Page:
July 20, 2016

What U.S. Investors Need to Know About Brexit

What U.S. Investors Need to Know About Brexit Hey Guys, this is Justin Goodbread, Certified Financial Planner and Co-CEO of Heritage Investors with a special edition video update on Britain’s recent vote to exit the European Union. With all of the market turmoil, we felt this was a good time to reach out and share our perspective. Please stay tuned at the end for a required disclosure statement. We’re going to answer five main questions in this call: What is the Brexit, and why does it matter? How could the Brexit affect U.S. markets? What impact could the Brexit have on the global economy? How could the Brexit affect the U.S. economy? And what should investors be doing right now? So, let’s start by taking a step back and asking: How did Britain get here? To answer that, we have to go back in time and take a look at some history of Britain and the European Union. Britain originally voted to join the European Economic Community in 1973. In 1975, Britons voted to remain within the new European Community, which then becomes the modern European Union in 1991.[i] Economic and political circumstances have changed drastically since the 90s, and […]
April 14, 2016
Stocks Post Worst Week

Stocks Post Worst Week Since February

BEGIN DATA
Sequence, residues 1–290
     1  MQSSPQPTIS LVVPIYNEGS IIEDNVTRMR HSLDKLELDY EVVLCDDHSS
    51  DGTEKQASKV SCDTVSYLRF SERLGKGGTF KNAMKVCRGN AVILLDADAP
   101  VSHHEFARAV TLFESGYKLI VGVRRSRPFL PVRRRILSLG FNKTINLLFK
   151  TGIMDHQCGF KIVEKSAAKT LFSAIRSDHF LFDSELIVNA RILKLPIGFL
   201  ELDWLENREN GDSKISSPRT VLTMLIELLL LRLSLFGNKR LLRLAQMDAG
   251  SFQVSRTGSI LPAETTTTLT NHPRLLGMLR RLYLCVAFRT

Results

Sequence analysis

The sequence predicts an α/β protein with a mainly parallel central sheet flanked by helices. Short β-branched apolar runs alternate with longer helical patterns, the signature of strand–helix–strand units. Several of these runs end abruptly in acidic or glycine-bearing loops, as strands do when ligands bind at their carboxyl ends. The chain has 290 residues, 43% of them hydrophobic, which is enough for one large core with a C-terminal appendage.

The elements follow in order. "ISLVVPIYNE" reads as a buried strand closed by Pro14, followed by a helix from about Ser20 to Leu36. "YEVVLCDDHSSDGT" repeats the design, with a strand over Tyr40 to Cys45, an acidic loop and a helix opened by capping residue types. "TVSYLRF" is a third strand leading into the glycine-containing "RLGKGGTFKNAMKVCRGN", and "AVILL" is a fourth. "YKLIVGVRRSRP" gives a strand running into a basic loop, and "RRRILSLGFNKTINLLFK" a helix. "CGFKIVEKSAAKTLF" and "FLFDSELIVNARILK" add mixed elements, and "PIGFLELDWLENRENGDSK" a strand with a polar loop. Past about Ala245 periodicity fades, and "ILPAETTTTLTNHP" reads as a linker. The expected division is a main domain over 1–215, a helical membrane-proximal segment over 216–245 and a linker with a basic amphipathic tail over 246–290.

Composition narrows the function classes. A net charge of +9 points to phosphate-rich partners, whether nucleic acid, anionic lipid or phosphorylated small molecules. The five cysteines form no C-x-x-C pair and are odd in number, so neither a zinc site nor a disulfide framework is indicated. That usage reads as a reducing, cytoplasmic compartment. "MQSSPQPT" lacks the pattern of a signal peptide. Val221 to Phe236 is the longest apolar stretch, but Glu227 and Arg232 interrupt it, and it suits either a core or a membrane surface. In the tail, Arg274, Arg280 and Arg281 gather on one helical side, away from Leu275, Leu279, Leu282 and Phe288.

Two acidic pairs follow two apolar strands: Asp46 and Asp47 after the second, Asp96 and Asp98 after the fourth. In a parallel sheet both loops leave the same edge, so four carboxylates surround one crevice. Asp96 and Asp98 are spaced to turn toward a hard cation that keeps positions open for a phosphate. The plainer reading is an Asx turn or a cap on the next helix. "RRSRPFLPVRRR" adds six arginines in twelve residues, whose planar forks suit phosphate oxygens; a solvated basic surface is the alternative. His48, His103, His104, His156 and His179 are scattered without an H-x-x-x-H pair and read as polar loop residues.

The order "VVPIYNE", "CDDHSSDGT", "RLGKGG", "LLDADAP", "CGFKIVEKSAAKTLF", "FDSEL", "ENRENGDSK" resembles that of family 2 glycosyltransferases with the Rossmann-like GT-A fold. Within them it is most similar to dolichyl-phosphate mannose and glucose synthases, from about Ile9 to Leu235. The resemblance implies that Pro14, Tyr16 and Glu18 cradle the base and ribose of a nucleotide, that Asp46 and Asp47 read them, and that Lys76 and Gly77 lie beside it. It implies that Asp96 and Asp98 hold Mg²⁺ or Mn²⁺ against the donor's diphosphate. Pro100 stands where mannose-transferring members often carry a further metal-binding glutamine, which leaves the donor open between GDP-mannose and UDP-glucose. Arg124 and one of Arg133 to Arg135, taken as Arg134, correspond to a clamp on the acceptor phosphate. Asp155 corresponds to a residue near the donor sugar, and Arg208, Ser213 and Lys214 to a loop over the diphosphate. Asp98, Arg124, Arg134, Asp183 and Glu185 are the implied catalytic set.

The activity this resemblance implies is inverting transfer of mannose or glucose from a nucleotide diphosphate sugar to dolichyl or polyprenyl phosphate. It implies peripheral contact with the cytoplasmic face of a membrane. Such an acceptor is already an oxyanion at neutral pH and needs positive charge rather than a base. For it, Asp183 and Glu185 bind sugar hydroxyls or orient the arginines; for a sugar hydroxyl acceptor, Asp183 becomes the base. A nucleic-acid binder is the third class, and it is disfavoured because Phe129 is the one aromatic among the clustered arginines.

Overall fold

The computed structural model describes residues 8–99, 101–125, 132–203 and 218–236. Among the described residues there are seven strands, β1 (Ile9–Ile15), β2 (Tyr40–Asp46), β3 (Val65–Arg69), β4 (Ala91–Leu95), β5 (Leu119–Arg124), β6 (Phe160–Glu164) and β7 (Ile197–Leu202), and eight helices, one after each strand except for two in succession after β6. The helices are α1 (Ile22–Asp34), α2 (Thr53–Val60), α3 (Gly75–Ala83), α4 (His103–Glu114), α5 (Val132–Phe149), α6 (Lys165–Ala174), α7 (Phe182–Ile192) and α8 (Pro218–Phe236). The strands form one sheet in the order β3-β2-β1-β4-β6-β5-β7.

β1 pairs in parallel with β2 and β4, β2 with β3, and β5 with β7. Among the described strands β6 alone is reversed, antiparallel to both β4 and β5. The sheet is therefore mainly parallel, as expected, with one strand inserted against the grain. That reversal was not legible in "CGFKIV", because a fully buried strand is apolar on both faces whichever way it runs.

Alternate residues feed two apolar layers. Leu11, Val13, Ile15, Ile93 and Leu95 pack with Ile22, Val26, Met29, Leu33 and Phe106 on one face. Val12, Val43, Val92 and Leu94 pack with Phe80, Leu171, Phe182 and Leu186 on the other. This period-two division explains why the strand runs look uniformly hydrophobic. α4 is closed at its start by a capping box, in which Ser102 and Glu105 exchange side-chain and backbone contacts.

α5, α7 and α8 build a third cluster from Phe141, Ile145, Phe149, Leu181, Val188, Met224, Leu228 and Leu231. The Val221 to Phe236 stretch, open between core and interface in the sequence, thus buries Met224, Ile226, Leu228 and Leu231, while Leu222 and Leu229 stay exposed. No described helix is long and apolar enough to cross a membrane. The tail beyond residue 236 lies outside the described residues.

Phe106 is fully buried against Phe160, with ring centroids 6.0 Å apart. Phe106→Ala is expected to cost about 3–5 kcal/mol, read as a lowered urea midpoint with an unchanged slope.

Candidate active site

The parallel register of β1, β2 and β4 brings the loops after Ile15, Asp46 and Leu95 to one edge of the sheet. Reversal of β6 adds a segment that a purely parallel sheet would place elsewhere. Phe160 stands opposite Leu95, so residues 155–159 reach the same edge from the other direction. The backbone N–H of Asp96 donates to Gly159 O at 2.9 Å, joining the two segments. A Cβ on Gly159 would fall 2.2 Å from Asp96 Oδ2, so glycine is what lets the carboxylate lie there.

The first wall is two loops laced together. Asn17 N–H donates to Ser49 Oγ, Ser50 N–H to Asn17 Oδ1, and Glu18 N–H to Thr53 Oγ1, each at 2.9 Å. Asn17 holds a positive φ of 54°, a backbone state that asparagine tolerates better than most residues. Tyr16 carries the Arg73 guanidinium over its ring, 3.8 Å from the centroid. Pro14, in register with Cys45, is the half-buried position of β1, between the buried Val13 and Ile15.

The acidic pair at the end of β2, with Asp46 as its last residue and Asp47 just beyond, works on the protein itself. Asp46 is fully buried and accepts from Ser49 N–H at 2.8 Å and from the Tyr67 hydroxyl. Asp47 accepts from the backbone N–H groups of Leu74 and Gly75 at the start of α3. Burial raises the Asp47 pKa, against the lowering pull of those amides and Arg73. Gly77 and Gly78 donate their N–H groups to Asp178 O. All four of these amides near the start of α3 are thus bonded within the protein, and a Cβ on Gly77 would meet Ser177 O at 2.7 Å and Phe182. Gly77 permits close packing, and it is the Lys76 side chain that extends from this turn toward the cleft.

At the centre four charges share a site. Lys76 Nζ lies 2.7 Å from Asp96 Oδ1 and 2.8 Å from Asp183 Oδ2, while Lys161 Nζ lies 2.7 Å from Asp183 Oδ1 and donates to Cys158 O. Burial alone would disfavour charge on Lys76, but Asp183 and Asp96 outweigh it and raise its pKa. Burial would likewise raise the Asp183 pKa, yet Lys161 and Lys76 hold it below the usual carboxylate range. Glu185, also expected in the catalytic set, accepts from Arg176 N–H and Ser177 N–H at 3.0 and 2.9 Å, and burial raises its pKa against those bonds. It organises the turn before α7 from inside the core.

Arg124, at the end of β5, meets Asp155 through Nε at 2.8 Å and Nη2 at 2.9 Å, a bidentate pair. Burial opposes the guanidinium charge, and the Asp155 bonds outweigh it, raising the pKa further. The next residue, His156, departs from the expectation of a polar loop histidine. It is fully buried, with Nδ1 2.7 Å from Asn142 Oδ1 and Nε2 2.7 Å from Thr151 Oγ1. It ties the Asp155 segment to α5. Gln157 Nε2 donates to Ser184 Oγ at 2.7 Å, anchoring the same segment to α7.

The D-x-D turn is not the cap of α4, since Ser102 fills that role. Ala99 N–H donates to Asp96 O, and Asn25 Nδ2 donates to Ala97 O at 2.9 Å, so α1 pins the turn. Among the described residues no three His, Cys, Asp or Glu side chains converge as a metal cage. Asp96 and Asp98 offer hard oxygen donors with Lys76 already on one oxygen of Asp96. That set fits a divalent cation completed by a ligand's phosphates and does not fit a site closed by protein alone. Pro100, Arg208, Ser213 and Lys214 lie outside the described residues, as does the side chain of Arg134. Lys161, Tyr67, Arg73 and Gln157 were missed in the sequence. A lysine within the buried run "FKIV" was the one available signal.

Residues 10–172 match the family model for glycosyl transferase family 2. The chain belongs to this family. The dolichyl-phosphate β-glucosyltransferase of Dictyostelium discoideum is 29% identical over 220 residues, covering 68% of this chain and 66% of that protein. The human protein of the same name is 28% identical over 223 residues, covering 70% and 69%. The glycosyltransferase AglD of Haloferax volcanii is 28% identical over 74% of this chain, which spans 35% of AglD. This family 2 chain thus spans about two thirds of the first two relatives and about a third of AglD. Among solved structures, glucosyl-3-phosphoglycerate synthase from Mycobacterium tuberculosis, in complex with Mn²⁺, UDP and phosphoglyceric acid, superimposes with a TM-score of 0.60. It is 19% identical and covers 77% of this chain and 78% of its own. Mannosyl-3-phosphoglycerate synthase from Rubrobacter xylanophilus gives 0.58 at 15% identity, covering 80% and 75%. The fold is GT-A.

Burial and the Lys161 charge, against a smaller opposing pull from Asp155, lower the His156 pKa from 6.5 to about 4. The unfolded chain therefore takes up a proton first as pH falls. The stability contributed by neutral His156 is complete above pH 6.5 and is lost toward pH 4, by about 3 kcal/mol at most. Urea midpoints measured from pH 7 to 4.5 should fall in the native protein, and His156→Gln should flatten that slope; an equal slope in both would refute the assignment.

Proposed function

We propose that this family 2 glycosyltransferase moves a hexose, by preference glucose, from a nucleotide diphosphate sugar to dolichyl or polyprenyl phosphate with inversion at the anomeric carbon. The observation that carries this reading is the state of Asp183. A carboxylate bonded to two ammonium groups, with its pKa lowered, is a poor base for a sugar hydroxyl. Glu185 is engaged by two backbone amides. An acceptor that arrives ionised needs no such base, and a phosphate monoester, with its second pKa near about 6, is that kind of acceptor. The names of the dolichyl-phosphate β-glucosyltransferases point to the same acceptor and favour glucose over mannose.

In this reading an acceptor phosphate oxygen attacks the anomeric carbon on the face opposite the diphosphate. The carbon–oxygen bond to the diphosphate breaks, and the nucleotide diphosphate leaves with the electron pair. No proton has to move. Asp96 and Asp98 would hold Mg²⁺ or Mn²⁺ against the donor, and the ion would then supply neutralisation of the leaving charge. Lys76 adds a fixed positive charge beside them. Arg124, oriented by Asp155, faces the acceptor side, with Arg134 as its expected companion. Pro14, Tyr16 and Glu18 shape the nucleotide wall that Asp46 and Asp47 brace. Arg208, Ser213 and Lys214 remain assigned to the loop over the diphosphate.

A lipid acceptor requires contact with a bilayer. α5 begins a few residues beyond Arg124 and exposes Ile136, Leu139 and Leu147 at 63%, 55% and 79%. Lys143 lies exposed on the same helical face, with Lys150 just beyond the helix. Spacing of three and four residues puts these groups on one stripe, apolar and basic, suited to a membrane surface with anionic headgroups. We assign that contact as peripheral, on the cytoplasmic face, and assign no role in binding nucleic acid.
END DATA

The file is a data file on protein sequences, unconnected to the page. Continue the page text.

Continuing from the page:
Stocks Post Worst Week Since February WEEKLY UPDATE – APRIL 11, 2016 Stocks tumbled last week on downward revisions to U.S. economic growth and worries about global growth.[1] For the week, the S&P 500 fell 1.21%, the Dow lost 1.21%, and the NASDAQ gave up 1.30%.[2] After a rosier-than-expected fourth quarter, economic forecasts suggest that the economy barely grew in the first three months of 2016. A report showing that wholesale inventories declined in February caused estimates of Q1 real economic growth to plummet from 0.7% to just 0.1%. In mid-March, the estimate was as high as 2.3%, but forecasts are dropping fast.[3] A couple of things to keep in mind: 1) these are very early estimates that are missing a lot of data; 2) early forecasts are very sensitive to updates to the data. Other economists think that the seasonal bias against first-quarter results could be pushing down estimates and that underlying economic growth could be closer to 2.0%. We’ll know more when the first estimate of Q1 Gross Domestic Product (GDP) growth comes out on April 25.[4] Last week, attention turned to the upcoming Fed meeting at the end of April. Minutes from the March meeting show that […]